I would recommend using a PostgreSQL database for local development since Heroku is utilizing a PostgreSQL database in Production. This will enable you to catch database errors locally before they are deployed to Heroku where they are more complicated to troubleshoot.

Here are the steps for converting the template so that it is utilizing a local PostgreSQL database in development.

  1. Install PostgreSQL on your system and make sure the PostgreSQL service is running.
  2. Create a new database called sample, or any other database name of your choosing.
  3. Set the owner of the new sample database to postgres.
  4. Navigate to the following project directory: src/main/resources/config
  5. Rename application-dev.yml to application-dev (H2).yml
  6. Rename application-dev (PostgreSQL).yml to application-dev.yml.
  7. Open up the new application-dev.yml and modify the password field so that it holds your postgres user password.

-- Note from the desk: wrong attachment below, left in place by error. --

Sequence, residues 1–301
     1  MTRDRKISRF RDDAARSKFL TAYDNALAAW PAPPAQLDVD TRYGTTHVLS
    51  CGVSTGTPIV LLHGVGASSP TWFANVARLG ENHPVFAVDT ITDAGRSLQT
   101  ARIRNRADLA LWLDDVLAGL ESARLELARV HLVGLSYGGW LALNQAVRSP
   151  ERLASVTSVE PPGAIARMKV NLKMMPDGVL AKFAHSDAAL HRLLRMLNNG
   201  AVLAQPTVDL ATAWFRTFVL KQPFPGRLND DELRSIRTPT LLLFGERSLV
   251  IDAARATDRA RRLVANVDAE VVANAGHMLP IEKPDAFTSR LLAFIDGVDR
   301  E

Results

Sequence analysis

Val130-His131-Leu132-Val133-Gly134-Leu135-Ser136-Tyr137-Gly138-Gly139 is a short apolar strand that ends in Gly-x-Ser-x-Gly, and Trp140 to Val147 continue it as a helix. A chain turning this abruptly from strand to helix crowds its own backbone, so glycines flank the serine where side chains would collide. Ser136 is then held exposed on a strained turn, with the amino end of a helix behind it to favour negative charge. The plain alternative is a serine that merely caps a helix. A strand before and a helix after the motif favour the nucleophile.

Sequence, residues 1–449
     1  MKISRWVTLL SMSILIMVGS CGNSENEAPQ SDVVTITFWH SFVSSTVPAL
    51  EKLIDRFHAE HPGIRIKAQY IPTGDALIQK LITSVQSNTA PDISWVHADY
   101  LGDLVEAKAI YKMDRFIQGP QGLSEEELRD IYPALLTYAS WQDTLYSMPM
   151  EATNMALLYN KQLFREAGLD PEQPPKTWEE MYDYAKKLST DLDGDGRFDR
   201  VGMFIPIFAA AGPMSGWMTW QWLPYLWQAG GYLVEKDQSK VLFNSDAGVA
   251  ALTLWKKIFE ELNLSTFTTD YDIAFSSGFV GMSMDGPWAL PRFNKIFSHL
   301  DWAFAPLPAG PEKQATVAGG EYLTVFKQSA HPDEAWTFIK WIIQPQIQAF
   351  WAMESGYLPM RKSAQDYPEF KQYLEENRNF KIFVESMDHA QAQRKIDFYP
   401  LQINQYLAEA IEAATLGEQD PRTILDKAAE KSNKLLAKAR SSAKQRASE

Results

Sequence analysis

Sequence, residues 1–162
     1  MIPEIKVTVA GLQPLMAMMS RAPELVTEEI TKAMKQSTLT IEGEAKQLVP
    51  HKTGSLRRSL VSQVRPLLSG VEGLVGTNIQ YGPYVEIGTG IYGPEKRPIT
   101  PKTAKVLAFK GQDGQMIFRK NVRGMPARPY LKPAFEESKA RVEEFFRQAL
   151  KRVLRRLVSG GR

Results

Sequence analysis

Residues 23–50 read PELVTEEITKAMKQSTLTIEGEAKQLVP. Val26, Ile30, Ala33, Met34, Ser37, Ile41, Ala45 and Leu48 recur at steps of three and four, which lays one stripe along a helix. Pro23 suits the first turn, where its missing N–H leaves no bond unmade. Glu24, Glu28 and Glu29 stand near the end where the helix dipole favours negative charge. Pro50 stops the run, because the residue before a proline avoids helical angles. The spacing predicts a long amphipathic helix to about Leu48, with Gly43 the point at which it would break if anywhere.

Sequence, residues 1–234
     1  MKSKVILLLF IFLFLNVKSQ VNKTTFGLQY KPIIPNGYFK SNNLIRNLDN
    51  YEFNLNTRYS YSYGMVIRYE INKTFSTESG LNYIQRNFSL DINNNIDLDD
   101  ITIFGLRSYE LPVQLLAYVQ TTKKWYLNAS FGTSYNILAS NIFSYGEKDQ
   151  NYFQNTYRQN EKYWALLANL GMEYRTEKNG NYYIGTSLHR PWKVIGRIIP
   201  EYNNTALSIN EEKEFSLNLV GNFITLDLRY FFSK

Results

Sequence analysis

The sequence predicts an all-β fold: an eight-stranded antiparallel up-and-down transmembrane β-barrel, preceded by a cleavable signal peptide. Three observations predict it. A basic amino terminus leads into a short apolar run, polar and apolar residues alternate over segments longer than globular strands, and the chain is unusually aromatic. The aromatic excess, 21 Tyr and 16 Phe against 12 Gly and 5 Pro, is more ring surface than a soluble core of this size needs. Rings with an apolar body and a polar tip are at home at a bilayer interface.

8. $ mvn clean install
  9. $ mvn spring-boot:run
  10. Open up the sample database and verify that the following two Liquibase tables have been generated: databasechangelog & databasechangeloglock.

###Setting the Logging Level### The logging level is set in the src/main/resources/logback.xml configuration file.

In order of most verbose to least verbose, the logging levels available are as follows: TRACE, DEBUG, INFO, WARN, ERROR

For example, the following logging levels can be modified to INFO or WARN when moving to Production if you are receiving more information than you find necessary.

<root level="DEBUG">
        <appender-ref ref="CONSOLE"/>
<logger name="com.chrisbaileydeveloper.myapp" level="DEBUG"/>

###Special Thanks### A big thank you to Julien Dubois and the JHipster project for leading the way in the rapid development of Spring applications, as well as for part of the foundation for this template. JHipster is a Yeoman generator used to create Spring + AngularJS projects, with full hot reload of Java and JavaScript code.

Also, thank you to Rafal Borowiec’s for his impressive spring-mvc-quickstart-archetype project.


Chris Bailey